Two pizzas, hold the fire

When I make pizza, I usually pull off a chunk of the dough for the kids’ cheese -only pizza (they don’t appreciate good food). I put ours in first, and while it sets, I’ll cook the kids’ pizza. Last week they were particularly cranky, and I was rushed to get theirs done before they had to leave for swim class. I brain-farted and put their pizza on the pan with holes in the bottom rather than the usual cookie sheet.

About five minutes into the cooking cycle, I see smoke streaming outside the oven. Olive oil had dripped down onto the burner, pooled and had ignited.
I pulled the pizza out, shut off the oven and applied baking soda to put out the fire. My youngest daughter was still asleep, sprawled out in the middle of the kitchen, taking a rare, but much-needed nap. The smoke alarm peeped while I was pulling the power, but she slept through that. Next, I went around the house and opened up the house to air it out. Our neighbor let us use her oven to finish our pizza and thought it looked so good, she asked for the recipe. So here it is.

Pizza Dough — recipe from Cook’s Illustrated

4 C whole wheat pastry flour

1 t active dry yeast

2 T olive oil

1 2/3 C water

  1. Dissolve yeast in 2/3 C of warm (105°F) water and let sit five minutes or until the yeast swells.
  2. Mix the yeast goo, remaining water, olive oil and flour with a dough hook four minutes, or until it works into a ball.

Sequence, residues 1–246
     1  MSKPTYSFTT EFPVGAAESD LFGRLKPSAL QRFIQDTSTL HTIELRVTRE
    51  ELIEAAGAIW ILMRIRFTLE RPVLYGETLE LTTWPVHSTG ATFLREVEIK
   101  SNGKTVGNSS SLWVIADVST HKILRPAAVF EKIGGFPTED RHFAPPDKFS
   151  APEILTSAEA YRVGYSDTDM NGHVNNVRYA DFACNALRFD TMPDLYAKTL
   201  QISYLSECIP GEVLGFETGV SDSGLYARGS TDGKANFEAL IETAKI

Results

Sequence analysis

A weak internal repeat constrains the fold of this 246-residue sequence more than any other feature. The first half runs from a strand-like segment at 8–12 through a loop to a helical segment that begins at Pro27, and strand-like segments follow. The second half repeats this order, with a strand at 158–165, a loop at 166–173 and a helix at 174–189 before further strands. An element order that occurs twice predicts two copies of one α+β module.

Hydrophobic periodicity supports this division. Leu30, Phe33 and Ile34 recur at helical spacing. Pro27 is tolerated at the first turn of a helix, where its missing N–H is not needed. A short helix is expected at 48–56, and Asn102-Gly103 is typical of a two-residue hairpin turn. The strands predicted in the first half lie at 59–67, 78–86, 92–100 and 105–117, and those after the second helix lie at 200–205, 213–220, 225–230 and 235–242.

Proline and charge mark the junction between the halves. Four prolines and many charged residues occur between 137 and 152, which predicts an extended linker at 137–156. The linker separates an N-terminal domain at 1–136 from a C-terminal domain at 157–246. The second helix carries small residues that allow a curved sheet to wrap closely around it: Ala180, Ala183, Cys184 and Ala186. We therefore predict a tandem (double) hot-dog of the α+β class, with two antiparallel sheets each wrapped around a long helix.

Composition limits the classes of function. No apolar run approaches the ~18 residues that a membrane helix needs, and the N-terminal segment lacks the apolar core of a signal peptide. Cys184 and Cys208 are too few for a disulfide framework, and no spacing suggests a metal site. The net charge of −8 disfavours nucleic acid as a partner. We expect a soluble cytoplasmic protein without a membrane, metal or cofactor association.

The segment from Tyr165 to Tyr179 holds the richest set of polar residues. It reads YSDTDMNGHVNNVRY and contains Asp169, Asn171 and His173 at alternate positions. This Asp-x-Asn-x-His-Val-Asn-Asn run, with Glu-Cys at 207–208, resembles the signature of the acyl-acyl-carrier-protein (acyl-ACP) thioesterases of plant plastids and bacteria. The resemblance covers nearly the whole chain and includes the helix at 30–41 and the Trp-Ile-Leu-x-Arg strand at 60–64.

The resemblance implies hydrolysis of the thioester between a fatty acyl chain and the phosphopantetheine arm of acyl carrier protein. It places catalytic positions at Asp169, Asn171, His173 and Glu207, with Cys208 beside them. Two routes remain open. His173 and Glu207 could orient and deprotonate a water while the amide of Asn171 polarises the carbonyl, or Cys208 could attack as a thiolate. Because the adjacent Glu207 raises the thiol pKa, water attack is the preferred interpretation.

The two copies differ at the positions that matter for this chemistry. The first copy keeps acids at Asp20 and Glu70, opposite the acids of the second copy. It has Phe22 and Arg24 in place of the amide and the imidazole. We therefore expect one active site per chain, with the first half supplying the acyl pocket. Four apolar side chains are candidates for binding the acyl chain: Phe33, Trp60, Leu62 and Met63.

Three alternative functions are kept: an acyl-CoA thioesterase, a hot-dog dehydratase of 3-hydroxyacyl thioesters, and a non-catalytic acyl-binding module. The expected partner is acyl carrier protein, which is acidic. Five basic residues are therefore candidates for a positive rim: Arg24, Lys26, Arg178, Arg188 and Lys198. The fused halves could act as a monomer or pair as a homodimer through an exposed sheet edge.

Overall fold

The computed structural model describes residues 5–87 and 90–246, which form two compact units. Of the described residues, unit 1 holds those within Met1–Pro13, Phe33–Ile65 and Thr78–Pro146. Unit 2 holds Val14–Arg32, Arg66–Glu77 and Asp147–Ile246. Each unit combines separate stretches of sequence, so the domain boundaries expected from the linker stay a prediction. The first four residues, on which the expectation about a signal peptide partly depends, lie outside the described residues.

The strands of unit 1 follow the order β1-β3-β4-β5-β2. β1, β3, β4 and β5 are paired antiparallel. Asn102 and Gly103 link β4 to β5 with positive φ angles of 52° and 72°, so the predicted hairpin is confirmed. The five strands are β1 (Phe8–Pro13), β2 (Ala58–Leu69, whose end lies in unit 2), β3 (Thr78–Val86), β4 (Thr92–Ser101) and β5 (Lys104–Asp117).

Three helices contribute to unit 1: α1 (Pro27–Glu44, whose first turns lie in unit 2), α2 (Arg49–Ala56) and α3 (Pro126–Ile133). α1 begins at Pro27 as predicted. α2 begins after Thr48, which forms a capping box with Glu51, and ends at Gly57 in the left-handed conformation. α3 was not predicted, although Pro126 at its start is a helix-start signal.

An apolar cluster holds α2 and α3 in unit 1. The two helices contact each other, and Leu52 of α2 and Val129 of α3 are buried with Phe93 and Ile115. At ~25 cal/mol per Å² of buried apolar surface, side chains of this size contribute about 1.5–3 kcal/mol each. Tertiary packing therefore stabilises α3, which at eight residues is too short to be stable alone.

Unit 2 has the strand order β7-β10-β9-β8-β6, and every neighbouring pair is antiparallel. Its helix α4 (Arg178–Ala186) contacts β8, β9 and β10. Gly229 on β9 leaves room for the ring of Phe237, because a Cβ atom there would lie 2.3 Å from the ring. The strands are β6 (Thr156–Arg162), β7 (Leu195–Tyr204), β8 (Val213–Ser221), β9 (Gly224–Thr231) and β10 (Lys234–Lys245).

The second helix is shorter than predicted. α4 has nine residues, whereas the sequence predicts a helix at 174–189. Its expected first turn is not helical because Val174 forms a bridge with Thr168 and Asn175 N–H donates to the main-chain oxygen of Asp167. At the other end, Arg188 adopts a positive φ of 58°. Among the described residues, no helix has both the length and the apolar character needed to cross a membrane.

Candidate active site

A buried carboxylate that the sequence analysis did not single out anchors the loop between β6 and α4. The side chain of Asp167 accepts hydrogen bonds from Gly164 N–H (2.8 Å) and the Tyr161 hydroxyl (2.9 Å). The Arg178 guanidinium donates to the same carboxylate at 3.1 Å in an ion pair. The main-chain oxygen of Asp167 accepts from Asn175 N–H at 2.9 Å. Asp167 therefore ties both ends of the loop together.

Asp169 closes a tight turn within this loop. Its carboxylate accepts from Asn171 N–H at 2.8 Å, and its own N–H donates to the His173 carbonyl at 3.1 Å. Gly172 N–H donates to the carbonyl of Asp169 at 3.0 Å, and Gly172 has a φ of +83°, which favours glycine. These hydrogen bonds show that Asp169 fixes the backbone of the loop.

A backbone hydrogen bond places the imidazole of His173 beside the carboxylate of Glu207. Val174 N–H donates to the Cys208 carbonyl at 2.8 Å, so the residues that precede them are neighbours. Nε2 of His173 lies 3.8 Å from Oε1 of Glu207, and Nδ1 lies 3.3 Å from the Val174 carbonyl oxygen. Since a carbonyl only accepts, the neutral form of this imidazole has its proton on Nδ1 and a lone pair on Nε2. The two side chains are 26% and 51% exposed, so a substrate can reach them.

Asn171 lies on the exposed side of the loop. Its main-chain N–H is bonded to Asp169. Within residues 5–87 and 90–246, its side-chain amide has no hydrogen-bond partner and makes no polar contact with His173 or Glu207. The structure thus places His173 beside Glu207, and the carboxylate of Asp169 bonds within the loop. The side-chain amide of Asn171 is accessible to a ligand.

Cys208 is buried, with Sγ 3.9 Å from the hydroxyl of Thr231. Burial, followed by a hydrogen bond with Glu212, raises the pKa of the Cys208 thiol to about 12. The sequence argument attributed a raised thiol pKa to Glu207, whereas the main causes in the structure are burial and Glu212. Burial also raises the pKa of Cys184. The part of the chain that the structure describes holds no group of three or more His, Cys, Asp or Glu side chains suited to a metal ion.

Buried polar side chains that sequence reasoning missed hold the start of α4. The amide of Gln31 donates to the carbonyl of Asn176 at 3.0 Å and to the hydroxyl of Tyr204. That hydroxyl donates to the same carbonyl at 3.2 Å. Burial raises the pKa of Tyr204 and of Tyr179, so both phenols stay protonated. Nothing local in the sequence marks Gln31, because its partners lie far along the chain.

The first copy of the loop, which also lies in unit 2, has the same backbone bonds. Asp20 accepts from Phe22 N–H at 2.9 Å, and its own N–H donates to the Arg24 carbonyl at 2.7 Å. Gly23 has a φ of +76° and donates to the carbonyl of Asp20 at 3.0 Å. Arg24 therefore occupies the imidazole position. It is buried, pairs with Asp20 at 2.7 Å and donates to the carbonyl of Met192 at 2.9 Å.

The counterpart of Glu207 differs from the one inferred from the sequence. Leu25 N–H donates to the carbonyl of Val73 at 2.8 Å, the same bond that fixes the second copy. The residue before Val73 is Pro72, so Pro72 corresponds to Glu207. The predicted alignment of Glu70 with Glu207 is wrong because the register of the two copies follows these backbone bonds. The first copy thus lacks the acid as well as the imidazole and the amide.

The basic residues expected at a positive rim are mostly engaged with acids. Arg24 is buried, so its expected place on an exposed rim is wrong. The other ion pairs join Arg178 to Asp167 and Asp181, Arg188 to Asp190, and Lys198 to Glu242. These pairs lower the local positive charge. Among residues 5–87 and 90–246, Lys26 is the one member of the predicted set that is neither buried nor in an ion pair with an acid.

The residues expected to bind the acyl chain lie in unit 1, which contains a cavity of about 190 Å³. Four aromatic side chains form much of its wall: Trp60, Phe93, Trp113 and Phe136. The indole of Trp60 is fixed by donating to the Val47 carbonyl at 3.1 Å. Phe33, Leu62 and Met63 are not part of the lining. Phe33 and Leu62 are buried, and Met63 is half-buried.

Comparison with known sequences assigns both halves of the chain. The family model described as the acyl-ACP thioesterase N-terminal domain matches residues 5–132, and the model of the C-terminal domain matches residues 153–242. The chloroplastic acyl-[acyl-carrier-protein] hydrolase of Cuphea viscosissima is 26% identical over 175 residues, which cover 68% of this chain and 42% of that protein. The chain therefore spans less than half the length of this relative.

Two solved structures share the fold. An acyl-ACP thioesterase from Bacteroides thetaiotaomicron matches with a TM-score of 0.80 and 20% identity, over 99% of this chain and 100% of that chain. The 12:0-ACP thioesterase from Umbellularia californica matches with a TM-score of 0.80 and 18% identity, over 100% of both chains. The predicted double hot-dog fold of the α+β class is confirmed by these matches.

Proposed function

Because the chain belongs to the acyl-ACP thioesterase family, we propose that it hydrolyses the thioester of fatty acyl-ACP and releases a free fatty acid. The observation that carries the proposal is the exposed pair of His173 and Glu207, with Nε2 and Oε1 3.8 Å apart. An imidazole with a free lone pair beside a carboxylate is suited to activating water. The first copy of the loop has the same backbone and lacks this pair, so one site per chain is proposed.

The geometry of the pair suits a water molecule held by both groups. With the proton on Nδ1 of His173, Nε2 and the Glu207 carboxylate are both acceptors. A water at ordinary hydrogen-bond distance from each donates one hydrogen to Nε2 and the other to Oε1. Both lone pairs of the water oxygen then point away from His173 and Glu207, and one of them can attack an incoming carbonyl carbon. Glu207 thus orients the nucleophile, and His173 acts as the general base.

3. Put in oiled bowl, cover and let rise about 2 – 3 hours, or until doubled in bulk.
  4. Preheat oven to 500°F
  5. Divide into the number of pizzas you need. In a circular motion, flatten into a disc shape 1/4′ thick. Work around again, stretching the dough the diameter of your pizza pan.
  6. Sprinkle corn meal/semolina on the pan, place dough on top, and add a thin layer of olive oil to cover the crust.
  7. Add toppings (see below). Cook until cheese is melted, or about 7 minutes.
  8. Let sit for about five minutes before cutting.

Variation: reduce the amount of yeast to 1/2 teaspoon, then letting the dough rise in the refrigerator overnight, taking it out about three hours prior to cooking. The cold refrigerator mellows the flavor of the yeast.

Toppings (my recipe)

  • Artichoke Pesto —
    The artichoke pesto can be found in the deli section of your grocery store, or you can make your own. (Here’s a recipe)
  • 1 lb fresh mozzarella, sliced or grated very finely
  • 1 lb crimini mushrooms — I slice these in my food processor using the thinnest blade. The effect is the mushrooms won’t dominate the pizza, but you get the great flavor.
  • 1 red, orange or yellow pepper, sliced thin — for more color, alternate pepper colors. Red peppers are the sweetest. Do not use green.
  • 1/2 C feta
  • 10 Kalamata olives, sliced (optional)
  • 1/4 C Reggiano Parmesan (optional)

Spread the pesto on the crust in a thin layer. Put the feta on top, spread evenly. Now add the thinly sliced crimini mushrooms.
Put the mozzarella on top. (It doesn’t have to cover everything, just space it regularly.) Now arrange the pepper slices in a nice radial pattern (or if you feel like it, spell a dirty word). Sprinkle the optional olives and parmesean on top.

Cook at 500°F until the cheese is melted, about 7 minutes.


This has the pre-cooked crust, pesto, and mushrooms.

We’ve added a layer of mozzarella. I prefer using a very fine grater for this.

Ring with red pepper.

Add kalamata olives and some parmesean cheese.

Voila! It’s done!

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